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        Las Políticas Para La Seguridad Alimentaria Ante Un Escenario Global Más Complejo (English)
        Working paper by Pomareda, Carlos, 2011, 18 pages
        Categories: Commodities, WTO Issues/Multilateral Trading System

        La inseguridad alimentaria tiene múltiples dimensiones, y tanto los gobiernos como las agencias de cooperación (ONGs y organismos internacionales) la abordan en diferente forma. El resultado de tal abordaje es un gran desorden en los esfuerzos de los gobiernos y de las agencias, poniendo en tela de juicio la efectividad de las medidas que se toman. La situación tiende a complicarse a medida que pasa el tiempo y no se resuelven problemas estructurales y a raíz de nuevos elementos que hacen más difícil que la seguridad alimentaria, como objetivo de desarrollo, sea alcanzada. De no tenerse en cuenta el agravante contexto, continuará el desperdicio de recursos y la profundización de los problemas. Estas notas tienen el propósito de contribuir a identificar vacíos en los que se requiere profundizar el conocimiento y por lo tanto reconsiderar los factores que influencian las condiciones de inseguridad alimentaria y las alternativas para superar la situación, a raíz de un escenario cambiante que tiene influencia en la inseguridad alimentaria global, aunque con implicaciones particulares para los diferentes países. El documento toma en cuenta los diferentes niveles en los que se manifiesta la inseguridad alimentaria y sus vínculos con otros temas como la pobreza, el hambre y la desnutrición. Plantea la necesidad de revisar los enfoques a la luz de las complicaciones en el escenario global de inestabilidad; y los compromisos y oportunidades en el comercio internacional. El documento ofrece una revisión de estos aspectos para motivar el diálogo en un tema amplio y complejo.

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        Las TIC Como Instrumento Para Acceder Al Mercado Mundial (English)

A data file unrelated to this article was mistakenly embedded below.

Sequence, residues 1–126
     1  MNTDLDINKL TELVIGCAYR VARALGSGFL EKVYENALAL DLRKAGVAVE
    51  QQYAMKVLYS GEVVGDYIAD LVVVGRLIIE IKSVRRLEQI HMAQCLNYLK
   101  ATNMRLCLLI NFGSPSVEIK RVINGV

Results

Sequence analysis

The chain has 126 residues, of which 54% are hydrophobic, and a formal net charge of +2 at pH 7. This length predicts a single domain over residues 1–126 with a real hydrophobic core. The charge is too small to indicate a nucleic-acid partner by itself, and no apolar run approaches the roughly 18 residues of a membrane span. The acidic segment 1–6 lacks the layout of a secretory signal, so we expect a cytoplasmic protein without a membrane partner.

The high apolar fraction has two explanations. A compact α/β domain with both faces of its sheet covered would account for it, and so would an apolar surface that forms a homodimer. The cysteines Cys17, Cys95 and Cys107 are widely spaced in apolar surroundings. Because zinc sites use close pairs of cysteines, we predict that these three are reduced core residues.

Policy brief by Osterlof Obregón, Doris, 2011, 6 pages
        Categories: Competitiveness, Policy Reviews and Briefs, Science and Technology

        Las tecnologías de la información y la comunicación (TIC) cada vez más se han convertido en un instrumento para facilitar la competitividad de las exportaciones en el comercio mundial. Asimismo, pueden servir para incrementar la productividad de las empresas. Son instrumentos habilitadores del desarrollo de un país y, por lo tanto, su utilización incide en el crecimiento de los diversos sectores productivos. A la vez, son también en sí mismas una oportunidad de negocios.

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        The Least Developed Countries Report 2011 - Overview (English)
        Report by UNCTAD, 2011, 29 pages
        Categories: Globalization and Development Strategies, Emerging Economies and South South Cooperation, Trade and Poverty

        The Least Developed Countries Report 2011 puts forward a policy framework for enhancing the development impact of South–South cooperation, and proposes ways to leverage South–South financial cooperation for development in the LDCs.

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        The Least Developed Countries Report 2011 - The Potential Role of South-South Cooperation for Inclusive and Sustainable Development (English)
        Report by UNCTAD, 2011, 194 pages
        Categories: Globalization and Development Strategies, Emerging Economies and South South Cooperation